Tuesday, 3 December 2013

Report on the outcomes of a consultation looking at visual intervention with a student identified as being Dyspraxic and dyslexic.

 Report on the outcomes of a consultation looking at visual intervention with a student identified as being Dyspraxic and dyslexic.

This particular post is I believe of considerable importance; it is a detailed analysis / deconstruction of the response of one individual to changes in the presentation of text on a computer screen. This could have been any adult but the graphs would have different peaks. About half of the students show a negative response to red reduction rather than a positive response.  Other posts will supply more general background to the ideas. The comments on visual span are highly relevant to the emerging research that was reported at the Oxford event.

The student was referred as part of her Disabled Student’s allowance.

The student was diagnosed as Dyslexic/Dyspraxic.

The consultation was to ascertain visually associated intervention to ameliorate her difficulties with text.

  1. Background
  2.  Focussing issues, Optical correction
  3.  Font size, image size, reading distance orthoptic/convergence issues.
  4. Reading speed and stamina
  5. Crowding.
  6. Visual span
  7. Screen  luminosity and colour, 
  8. Memory issues
  9. Summary of interventions
  10. Comparisons of eye movements  in default and optimal conditions.

Background information.

The student  was first diagnosed with ophthalmic problems at the age of 7 years.  Since then there has been a progressive change in her prescription which is to be expected.

She has correction for myopia (short sight) and for astigmatisms in both eyes. The correction for her left eye is greater than for her right eye.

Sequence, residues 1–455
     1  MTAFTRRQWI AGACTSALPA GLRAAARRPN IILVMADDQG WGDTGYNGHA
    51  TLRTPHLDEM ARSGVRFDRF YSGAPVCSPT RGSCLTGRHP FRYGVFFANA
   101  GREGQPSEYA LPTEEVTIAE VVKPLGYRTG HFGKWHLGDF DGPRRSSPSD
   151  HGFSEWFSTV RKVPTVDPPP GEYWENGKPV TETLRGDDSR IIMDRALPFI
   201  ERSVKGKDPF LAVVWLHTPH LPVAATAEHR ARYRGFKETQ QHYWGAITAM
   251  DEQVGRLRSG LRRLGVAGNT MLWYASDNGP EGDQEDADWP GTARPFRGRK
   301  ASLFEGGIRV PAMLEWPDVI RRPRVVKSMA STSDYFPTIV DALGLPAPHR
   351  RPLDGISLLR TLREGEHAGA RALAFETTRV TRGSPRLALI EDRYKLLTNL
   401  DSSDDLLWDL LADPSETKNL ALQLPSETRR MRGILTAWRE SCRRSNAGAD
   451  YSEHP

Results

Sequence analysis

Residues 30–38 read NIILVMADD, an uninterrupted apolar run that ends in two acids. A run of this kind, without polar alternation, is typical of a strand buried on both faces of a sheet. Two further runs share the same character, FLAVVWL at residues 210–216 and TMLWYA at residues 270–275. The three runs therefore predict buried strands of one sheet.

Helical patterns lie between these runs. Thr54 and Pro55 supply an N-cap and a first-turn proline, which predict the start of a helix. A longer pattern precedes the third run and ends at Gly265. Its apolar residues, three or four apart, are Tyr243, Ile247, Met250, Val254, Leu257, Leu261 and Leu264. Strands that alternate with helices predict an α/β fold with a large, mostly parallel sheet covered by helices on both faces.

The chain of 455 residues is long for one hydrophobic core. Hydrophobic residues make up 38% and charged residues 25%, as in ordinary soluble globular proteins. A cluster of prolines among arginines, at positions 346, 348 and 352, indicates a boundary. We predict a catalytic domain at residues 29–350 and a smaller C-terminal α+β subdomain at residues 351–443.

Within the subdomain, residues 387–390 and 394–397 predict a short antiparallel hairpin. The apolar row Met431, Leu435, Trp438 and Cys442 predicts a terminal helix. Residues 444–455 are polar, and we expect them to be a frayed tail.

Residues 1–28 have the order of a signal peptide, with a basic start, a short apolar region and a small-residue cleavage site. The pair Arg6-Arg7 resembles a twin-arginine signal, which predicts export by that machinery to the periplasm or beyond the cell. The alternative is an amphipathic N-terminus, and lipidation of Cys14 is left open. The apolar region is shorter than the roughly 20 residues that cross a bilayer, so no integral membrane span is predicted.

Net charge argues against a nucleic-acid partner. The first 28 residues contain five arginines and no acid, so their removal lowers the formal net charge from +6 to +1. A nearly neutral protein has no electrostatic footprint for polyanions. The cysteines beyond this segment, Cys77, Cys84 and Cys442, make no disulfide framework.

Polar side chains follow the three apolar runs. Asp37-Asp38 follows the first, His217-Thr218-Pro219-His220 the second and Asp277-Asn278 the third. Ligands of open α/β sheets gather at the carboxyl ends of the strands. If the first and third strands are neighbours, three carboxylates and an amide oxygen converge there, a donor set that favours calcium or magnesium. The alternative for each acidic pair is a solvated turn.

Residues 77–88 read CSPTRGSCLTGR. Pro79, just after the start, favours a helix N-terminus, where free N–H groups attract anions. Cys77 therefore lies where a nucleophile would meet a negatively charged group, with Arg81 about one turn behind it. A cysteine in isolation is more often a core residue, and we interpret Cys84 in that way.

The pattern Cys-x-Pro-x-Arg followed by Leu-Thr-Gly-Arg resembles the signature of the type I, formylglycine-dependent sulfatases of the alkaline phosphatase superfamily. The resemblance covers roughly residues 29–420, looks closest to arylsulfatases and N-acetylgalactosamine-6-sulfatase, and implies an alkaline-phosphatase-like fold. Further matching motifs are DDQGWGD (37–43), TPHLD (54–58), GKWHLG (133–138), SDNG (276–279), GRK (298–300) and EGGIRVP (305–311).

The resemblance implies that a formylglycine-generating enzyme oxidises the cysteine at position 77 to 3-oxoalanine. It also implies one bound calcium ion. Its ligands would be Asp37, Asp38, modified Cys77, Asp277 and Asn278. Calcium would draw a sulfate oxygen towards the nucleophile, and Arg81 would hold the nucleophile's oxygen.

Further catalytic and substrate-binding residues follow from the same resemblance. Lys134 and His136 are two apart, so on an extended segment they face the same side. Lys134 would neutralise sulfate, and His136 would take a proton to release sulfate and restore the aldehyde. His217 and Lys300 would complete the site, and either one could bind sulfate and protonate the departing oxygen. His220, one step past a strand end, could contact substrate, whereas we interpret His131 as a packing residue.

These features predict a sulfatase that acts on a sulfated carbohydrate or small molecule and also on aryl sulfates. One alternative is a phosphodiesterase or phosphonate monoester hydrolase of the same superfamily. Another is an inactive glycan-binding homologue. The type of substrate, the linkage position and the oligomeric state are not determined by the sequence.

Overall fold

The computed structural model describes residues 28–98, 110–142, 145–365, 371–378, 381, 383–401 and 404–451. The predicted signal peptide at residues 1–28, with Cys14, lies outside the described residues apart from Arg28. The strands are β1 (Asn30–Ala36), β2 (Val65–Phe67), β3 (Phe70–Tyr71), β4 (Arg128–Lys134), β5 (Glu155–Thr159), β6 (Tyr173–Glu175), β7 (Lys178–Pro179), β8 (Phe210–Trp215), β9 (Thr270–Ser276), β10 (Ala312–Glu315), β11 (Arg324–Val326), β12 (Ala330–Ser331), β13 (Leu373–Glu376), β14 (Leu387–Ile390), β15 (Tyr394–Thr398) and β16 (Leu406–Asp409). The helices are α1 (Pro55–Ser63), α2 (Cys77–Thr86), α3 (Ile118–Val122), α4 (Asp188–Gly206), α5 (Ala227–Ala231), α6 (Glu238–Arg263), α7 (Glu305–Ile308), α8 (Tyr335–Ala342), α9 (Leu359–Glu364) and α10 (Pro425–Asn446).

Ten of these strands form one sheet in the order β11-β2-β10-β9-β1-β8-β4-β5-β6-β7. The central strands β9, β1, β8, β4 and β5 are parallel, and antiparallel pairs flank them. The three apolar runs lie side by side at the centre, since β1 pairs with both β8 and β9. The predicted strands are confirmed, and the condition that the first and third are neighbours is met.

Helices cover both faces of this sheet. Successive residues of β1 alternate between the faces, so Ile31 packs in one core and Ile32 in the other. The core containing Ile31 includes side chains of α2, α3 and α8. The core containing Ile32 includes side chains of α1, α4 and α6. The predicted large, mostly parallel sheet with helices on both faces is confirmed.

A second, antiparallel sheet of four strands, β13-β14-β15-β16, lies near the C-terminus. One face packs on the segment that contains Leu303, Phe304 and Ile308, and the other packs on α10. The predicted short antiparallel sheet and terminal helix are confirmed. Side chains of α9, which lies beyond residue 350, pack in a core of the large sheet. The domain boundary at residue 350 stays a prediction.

She has been told that her left eye is suppressed (there is difficulty processing visual information with data from her left eye. If she covers her right eye the image is less clear than if she covers her left eye.

When reading for extended periods she often…
  1. Covers her left eye
  2. Turns her head sideways (turning towards the right).
  3. If using a computer, increases the size of the text using the ‘zoom’ facilities on the computer.
  4. Becomes very tired giving her very short work periods and needing longer and longer rest/recovery times. These work periods are only a few minutes.
  5. Becomes increasingly, easily distracted.
  6. Experiences upper body and neck discomfort.

The consultation concentrated on identifying these issues quantitatively and identifying strategies to reduce/remove these barriers to studying.

Outcomes of the Consultation.
Focussing issues, Optical correction
         Using her glasses, which she uses continuously, the correction for her right              eye appears to leave distance vision still too difficult.

This implies that the correction is too weak for distance vision. A bifocal correction might be a solution.

The astigmatism correction appears to be correct for both eyes.

The vision from her left eye is still compromised at far and near as would be expected with monocular visual suppression.

This asymmetry in visual performance would give rise to distance judging problems at far and near. This would give ‘clumsiness’ characteristics at far and near which would mimic dyspraxia.